The federal Consolidated Omnibus Budget Reconciliation Act (COBRA) generally requires group health plans sponsored by employers with 20 or more employees in the prior year to offer employees and their families the option to continue benefits for limited periods of time when coverage under the plan would otherwise end due to certain qualifying events. These events include voluntary or involuntary job loss, reduction in hours worked, death, divorce, and other life events.
COBRA sets rules for how and when continuation coverage must be offered, how employees and their families may elect COBRA, and what circumstances justify terminating coverage. The length of time for which continuation coverage must be made available depends on the type of qualifying event. For termination of employment or a reduction in hours, the maximum period of COBRA is generally 18 months. Up to 36 months of coverage may be available due to other qualifying events, or if a second qualifying event occurs during the initial period of COBRA coverage.
Please review our COBRA Steps to Success to understand the key areas involved in implementing COBRA for your company. Most states also have laws (commonly referred to as "mini-COBRA" laws) which require that group health plans provide COBRA-like continuation of benefits for certain employees and their families.
Massachusetts law provides employees of small businesses (those with 2-19 employees) and their eligible spouses and dependents the right to continue coverage on their small group health benefit plan, except self-funded plans, for certain time periods under circumstances where coverage would otherwise be lost.
Continuation coverage generally must be provided for covered employees, spouses, and dependent children upon the occurrence of the following qualifying events, for up to 18 months:
In the case of a covered employee, spouse, or dependent child who is determined to be disabled under the federal Social Security Act at the time of a qualifying event involving termination or reduction in work hours, coverage may be extended from 18 months to 29 months if notice of such determination is provided to the carrier within 60 days of the date of such determination and before the end of the 18-month period.
Continuation coverage must be provided for covered spouses and dependent children upon the occurrence of the following qualifying events, for up to 36 months:
There are also certain instances under Massachusetts law where retirees (and their spouses and dependent children) whose former employers are involved in bankruptcy proceedings may be eligible to receive continuation of coverage.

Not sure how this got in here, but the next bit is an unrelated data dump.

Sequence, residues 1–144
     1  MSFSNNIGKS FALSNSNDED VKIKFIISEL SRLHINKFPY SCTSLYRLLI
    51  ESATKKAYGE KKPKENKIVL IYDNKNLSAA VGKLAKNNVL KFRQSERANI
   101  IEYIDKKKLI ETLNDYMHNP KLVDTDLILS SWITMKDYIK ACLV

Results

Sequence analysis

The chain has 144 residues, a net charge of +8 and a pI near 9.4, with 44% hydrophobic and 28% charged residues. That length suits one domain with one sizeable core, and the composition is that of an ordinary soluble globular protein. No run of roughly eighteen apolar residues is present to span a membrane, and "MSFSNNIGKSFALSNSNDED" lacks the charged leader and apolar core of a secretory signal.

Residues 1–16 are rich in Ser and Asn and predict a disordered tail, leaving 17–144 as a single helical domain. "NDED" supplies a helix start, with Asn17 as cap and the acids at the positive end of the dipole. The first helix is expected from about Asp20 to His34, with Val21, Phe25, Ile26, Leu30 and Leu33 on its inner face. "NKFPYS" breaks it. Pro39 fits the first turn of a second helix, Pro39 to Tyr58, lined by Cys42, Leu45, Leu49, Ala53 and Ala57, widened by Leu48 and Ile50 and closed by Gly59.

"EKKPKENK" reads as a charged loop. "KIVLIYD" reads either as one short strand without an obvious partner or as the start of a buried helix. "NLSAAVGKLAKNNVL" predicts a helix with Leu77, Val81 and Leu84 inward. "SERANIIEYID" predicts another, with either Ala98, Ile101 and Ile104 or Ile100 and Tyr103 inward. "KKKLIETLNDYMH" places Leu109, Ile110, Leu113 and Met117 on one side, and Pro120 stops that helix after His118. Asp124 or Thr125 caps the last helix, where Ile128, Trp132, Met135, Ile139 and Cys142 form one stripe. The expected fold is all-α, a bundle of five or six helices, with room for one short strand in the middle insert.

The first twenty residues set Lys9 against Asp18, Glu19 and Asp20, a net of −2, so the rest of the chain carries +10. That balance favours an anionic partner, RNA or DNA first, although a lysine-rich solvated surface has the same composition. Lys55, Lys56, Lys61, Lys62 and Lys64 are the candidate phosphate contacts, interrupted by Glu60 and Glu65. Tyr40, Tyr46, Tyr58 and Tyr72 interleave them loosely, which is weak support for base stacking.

Notice of the right to continue coverage must be provided to employees and spouses at the time coverage commences, and to qualified beneficiaries within 14 days of the date the small group carrier becomes aware of a qualifying event.
A small group carrier may require an employer to issue notices to qualified beneficiaries. The small group carrier in this case should provide the employer with written instructions that clearly and simply define the small group carrier's procedures regarding mini-COBRA and the employer's responsibilities with regard to the issuance of such notices.
Premiums for continuation of coverage may not exceed 102% of the group rate for similarly situated individuals who have not had a qualifying event, except that disabled individuals may be required to pay 150% of the premium after the initial 18-month period expires. The first premium payment must be made within 45 days after continuation of coverage is elected. The law allows a minimum 30-day grace period for subsequent premium payments.
Continuation of benefits may be terminated before the maximum time period for coverage expires for the following reasons:
Under the federal Patient Protection and Affordable Care Act (Health Care Reform), beginning with plan years starting on or after September 23, 2010, group health plans that offer dependent coverage must make the coverage available until a child reaches the age of 26. There is a temporary exception for grandfathered group health plans, which may exclude adult children who are eligible to enroll in an employer-sponsored health plan other than the group health plan of the parent. This exception will no longer be available for plan years beginning on or after January 1, 2014.
Individual states may have requirements that are more favorable to plan participants. For information about your state, please click here and contact your state insurance department for guidance.
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